The journey across Islay to the remote North East side of the island is spectacular. Islay’s roads are rally-esque and fun in their own right. Views across towards Jura are an added bonus, yet for whisky enthusiasts the real reasons for the journey to the outer limits are the distilleries of Bunnahabhain and Caol Ila.
Caol Ila is owned by Diageo and is the largest producer on Islay by a country mile. Veering onto a short single track road for a couple of miles, the road suddenly descends into an outcrop of houses clustered around a small bay with the distillery as its focal point. The setting is reminiscent of Talisker on Skye and would have been very convenient to transport goods by sea. It is sad that the original distillery was torn down in 1974 to make way for a new facility. Any character has been consigned to the history books although the move meant Caol Ila is unlikely to be challenged elsewhere on Islay in terms of production. Most of Caol Ila’s output is destined for blends yet there is a growing appreciation of its single malts.
As regulars will know, we have been making our way around the Diageo distilleries as part of its Classic Malts initiative. The booklet enables you to receive a free tour at featured Diageo distilleries. Slowly but surely we are working our way to its completion reaching 8 in total with just Speyside left on the agenda. Lagavulin was closed for its silent season during our trip to Islay but the distillery was good enough to stamp our books and offer a free dram.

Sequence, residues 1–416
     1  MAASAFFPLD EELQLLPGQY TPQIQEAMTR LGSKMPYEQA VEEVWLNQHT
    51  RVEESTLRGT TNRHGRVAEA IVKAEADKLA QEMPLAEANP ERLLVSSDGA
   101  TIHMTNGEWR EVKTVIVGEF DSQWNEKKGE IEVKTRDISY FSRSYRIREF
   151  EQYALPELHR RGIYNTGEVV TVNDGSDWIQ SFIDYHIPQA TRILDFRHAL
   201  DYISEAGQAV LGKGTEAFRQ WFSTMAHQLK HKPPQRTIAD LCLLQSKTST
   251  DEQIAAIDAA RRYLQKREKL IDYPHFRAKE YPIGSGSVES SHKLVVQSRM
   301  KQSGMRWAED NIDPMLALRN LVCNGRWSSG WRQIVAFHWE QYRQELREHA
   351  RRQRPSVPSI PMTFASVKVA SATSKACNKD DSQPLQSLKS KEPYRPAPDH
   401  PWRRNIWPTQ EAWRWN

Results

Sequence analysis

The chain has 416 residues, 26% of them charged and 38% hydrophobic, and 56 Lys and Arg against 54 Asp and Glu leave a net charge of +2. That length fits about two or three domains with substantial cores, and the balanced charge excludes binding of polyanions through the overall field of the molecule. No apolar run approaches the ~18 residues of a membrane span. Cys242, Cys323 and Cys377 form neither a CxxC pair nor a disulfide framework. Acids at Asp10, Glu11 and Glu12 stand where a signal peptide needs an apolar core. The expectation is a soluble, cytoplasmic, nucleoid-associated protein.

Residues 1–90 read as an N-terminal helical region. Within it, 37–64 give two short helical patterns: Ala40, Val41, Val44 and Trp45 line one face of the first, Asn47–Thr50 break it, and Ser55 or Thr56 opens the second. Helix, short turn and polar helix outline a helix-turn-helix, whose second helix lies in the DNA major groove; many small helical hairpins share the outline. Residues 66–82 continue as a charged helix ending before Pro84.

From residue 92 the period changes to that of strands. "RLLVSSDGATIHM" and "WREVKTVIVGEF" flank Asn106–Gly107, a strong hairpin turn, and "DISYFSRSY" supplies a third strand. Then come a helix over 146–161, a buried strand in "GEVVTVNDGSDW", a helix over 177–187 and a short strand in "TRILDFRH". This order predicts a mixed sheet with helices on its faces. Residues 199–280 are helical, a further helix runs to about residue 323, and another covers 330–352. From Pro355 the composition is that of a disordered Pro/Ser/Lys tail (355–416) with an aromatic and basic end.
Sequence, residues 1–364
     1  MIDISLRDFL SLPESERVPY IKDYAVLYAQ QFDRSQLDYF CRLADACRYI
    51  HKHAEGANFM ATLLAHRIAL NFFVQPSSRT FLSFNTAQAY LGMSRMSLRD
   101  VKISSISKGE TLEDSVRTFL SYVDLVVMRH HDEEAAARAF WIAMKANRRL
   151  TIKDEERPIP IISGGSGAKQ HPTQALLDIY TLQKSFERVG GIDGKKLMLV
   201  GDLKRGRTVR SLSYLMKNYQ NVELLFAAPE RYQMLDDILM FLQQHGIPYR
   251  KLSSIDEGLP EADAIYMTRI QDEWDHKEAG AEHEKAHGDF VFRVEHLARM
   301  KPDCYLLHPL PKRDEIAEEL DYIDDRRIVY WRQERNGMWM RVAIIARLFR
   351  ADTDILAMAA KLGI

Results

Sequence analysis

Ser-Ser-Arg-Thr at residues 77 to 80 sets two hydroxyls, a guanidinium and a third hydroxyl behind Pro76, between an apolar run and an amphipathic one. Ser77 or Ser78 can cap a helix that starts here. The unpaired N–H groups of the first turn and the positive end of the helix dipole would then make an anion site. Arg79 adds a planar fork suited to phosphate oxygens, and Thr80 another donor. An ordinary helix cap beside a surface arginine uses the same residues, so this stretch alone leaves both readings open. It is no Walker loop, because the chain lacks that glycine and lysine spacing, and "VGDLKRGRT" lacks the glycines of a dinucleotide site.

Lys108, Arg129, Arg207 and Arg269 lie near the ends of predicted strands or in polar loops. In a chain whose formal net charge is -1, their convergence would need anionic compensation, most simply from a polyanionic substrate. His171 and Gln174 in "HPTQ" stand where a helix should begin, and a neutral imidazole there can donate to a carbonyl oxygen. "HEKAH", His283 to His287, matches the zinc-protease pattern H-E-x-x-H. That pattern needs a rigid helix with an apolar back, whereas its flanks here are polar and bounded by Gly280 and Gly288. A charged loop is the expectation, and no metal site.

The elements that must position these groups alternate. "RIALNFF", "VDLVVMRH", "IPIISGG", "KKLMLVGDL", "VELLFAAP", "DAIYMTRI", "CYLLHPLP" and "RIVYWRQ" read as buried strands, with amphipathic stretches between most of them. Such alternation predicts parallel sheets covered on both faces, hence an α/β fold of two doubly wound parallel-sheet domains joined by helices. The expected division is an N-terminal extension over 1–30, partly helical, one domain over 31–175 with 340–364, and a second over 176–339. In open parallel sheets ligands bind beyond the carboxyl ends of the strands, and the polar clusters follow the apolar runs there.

Industrial is a good word to describe the Caol Ila tour. It really felt like being onboard a military ship, such as an aircraft hanger with warning signs apparent, metal flooring and a ruthless efficiency. No photographs are allowed on the tour as Health and Safety here is taken to new extremes. Yet this is the best ventilated and most spacious distillery I have visited so the actual danger seems almost negligible. The tour itself is very short and there is no criticism of the staff who are friendly, knowledgeable and try to make the best of what they have. It’s just there is very little to show due to those production changes in the 70’s.
The tour consists of just 2 rooms which house the metal washbacks and the Still House. Both are sizeable facilities and the distillery is working 24/7 which lends itself to the industrial atmosphere. I could tell that our group which consisted of visitors from a Dresden whisky society were not impressed – this did not live up to their expectations of what a distillery should be all about. They were more at home visiting Bruichladdich later that day.
The stills at Caol Ila are monstrous beasts and the glass frontage allows some stunning views of Islay. A small gift shop awaits and this is where you can taste several editions of Caol Ila, which makes the trip almost worthwhile. There is no visit to a warehouse as apart from a few hundred casks everything is shipped in tankers to the mainland. So the overall experience feels amputated and incomplete.
In many ways Caol Ila is a modern distillery and could be closed to visitors like many others that are engaged in producing primarily for blends. The tour isn’t great and should only be mixed whilst visiting others on Islay, particularly Bunnahabhain which is nearby, or a short trip over to Jura. At least it offers a contrast against the other distilleries on the island that are more focused on tradition. As always, all my photographs are available here.